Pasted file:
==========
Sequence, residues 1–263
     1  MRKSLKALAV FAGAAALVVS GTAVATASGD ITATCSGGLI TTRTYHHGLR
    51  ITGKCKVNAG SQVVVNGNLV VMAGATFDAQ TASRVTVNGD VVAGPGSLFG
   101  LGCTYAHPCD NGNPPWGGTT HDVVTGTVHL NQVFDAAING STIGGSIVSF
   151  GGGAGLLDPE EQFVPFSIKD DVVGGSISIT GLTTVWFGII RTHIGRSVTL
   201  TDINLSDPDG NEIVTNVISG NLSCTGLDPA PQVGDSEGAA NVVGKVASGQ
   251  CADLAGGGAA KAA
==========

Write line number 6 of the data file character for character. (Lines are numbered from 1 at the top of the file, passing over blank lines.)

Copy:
   201  TDINLSDPDG NEIVTNVISG NLSCTGLDPA PQVGDSEGAA NVVGKVASGQ